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Tips for boosting landing page conversions

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Bob Bly’s Direct Response Letter:
Resources, ideas, and tips for improving response to
business-to-business, high-tech, Internet, and direct marketing.

November 3, 2014


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***Have only one call to action on your landing page***

Make sure your landing pages have only one call to action each.
You don’t want to confuse visitors with the opportunity to
subscribe to your mailing list and purchase a product on the
same page.

If your goal is to get mailing list subscribers, then make the
page’s call to action the opt-in form. Sell them a product in
your next series of e-mails. If your goal is to get the visitor
to buy, then make the page’s call to action an Add to Cart

Source: Pinpointe white paper, “Conversion-Optimized Landing


***Web marketing made easy***

According to consultant Bob McCarthy, the foundation of your web
marketing doesn’t take much — just 5 basic items:

1–A web site. ‚ÄúThere is no debate here, says Bob. “If you’re in
business, you need a website. It could be simple — just a few
pages — but you need to have a presence on the web.
2–A downloadable PDF report. Ideally, you want a lead magnet
— an educational how-to report or tips sheet — something that has
an appeal to your target audience. If you don’t have a lead magnet,
find something that visitors will want to download.
3–A form page or landing page. When people are ready to
download your report, you need to give them a way to take action.
4–A lead capture system. After the form is filled out, you need
some way to process that contact information, confirm the e-mail
address, and deliver the download.
5–An e-mail service. After the leads are collected, you need an
automated process for consistent follow up.
Source: The Direct Response Coach, 6/24/14.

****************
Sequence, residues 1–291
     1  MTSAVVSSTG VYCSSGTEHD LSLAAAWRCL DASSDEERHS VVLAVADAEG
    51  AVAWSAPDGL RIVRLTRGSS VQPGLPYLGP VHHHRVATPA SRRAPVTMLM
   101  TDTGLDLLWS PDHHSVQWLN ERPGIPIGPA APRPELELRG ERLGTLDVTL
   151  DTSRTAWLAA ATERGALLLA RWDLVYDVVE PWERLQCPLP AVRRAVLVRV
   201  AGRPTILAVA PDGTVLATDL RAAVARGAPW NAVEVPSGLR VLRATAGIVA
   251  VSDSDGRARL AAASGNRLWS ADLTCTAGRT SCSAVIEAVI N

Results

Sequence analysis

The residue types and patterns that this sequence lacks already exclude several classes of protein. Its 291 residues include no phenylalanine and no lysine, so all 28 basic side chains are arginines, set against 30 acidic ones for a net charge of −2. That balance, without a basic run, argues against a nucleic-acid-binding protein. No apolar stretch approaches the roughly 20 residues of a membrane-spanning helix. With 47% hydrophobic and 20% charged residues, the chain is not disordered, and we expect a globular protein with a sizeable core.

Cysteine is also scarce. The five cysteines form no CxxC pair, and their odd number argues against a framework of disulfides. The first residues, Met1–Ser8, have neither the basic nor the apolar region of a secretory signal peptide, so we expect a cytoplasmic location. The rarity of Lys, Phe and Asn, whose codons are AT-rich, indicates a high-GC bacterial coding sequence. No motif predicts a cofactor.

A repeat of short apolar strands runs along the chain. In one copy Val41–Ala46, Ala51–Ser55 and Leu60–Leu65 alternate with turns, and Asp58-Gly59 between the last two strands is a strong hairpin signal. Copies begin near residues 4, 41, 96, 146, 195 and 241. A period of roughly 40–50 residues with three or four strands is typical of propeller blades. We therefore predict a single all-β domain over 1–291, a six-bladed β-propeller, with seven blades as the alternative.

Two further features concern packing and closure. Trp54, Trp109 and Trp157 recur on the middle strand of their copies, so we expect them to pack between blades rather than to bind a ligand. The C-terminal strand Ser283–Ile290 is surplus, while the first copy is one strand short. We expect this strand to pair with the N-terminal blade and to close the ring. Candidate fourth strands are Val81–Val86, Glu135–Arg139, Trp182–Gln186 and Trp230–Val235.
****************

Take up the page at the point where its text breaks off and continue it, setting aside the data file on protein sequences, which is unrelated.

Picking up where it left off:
***3 easy ways to get unstuck when stuck on a task***

1–If you are stuck for more than 15 minutes, switch tasks.

2–Instead of working on the problem continuously for hours,
schedule shorter, more frequent sessions over several days.

3–Keep a list of problem tasks and glance at it when not at
work; a new context can lead to a fresh perspective.

Source: Ron Friedman, Harvard Business Review blog, 7/9/14.


**Qualify your prospects with BANT***

>> Budget — what are they willing to spend to buy the product or

>> Authority — who needs to be involved in the purchase decision?

>> Need — what needs or conditions must exist before your
product would be of value to the potential customer?

>> Timing — How soon will the buying decision be made?

Source: John Coe, The Fundamentals of B2B Sales and Marketing,
McGraw-Hill, p. 127.


***10 marketing tactics Americans say they despise***

1–Direct mail that looks like it has a bill, fake check, or is
otherwise official-looking.
2–Pop-up ads on web sites.
3–Ads for nutritional supplements with exaggerated claims.
4–Videos you have to sit through before reaching web content.
5–Products advertised as “made in America” that are not.
6–Free offers with strings attached.
7–TV ads louder than the program.
8–Ads targeted based on purchases, demographics, or behavior.
9–Product placement in movies and TV.

Source: Consumer Reports, 6/14, p. 11.


***Beware the customer who asks the price right away***

Watch out for prospects who ask about price right up front.
Sometimes, even before saying hello, buyers ask about price.
Often this is a sign that the prospect is a price shopper and
the primary factor in her purchase decision is getting the
lowest price. Not the kind of client you want to have.

Talking about price too soon puts the entire focus on money.
While salespeople can’t ignore the question, most buyers — other
than price shoppers — will accept the explanation that more has
to be learned about their specific needs before price can be

Source: Customer Experience Insight, 7/8/14.


***Ideal length for white papers***

White paper guru Gordon Graham says the sweet spot for white
papers is 6 to 8 pages of content. Add a front cover, contents
page, and about the company and you’re up to a total document of
10 or 11 pages. But what about those who say that readers want